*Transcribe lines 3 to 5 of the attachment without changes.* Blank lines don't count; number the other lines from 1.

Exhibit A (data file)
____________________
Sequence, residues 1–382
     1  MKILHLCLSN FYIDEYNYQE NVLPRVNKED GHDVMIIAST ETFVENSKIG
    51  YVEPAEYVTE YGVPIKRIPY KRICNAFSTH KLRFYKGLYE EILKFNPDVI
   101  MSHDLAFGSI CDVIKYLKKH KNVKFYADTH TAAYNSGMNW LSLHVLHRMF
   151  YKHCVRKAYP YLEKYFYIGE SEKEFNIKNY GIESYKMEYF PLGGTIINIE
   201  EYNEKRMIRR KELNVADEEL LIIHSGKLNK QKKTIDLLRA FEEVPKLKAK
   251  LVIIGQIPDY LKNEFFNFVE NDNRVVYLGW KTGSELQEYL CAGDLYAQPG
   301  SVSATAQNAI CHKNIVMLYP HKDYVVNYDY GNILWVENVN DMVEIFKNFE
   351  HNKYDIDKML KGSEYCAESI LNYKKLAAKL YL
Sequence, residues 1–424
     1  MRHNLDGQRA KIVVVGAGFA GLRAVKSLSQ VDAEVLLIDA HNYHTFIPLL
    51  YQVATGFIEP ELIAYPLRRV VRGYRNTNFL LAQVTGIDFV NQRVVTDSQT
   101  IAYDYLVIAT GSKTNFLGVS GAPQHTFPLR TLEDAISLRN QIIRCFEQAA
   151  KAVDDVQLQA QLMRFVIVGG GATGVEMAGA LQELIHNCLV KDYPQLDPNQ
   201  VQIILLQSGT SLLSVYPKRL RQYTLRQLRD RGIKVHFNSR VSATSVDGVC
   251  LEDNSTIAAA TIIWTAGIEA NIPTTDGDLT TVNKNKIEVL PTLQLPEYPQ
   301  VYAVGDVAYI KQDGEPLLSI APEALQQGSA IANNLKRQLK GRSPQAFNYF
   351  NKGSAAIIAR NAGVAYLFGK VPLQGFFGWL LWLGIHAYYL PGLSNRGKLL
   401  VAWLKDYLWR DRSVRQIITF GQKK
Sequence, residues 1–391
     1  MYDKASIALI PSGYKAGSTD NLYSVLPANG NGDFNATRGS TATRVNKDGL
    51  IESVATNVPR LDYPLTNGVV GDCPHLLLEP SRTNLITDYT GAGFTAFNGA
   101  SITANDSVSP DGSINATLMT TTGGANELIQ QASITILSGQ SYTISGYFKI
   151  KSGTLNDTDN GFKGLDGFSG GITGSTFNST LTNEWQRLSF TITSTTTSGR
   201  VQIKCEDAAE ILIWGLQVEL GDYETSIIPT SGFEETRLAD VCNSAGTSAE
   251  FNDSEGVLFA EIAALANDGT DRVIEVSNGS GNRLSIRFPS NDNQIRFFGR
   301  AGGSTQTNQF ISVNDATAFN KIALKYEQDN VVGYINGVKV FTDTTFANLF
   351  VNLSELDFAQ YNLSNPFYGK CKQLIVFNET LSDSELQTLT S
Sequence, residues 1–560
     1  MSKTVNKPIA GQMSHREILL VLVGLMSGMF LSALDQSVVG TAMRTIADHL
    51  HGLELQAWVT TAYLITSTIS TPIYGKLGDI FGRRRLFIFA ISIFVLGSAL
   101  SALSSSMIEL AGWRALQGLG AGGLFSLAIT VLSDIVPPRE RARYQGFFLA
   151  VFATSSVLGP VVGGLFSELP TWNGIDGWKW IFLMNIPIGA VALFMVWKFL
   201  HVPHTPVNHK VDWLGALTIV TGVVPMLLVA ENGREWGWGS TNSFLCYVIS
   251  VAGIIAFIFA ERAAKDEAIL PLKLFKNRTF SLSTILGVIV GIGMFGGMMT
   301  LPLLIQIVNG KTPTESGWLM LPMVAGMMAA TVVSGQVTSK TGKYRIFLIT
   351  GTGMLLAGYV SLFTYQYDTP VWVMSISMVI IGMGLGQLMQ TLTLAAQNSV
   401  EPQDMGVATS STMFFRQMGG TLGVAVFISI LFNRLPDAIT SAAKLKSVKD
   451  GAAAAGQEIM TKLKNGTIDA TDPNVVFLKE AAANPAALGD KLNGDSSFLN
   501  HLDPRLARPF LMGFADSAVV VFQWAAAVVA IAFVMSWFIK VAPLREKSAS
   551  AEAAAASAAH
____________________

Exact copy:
    51  YVEPAEYVTE YGVPIKRIPY KRICNAFSTH KLRFYKGLYE EILKFNPDVI
   101  MSHDLAFGSI CDVIKYLKKH KNVKFYADTH TAAYNSGMNW LSLHVLHRMF
   151  YKHCVRKAYP YLEKYFYIGE SEKEFNIKNY GIESYKMEYF PLGGTIINIE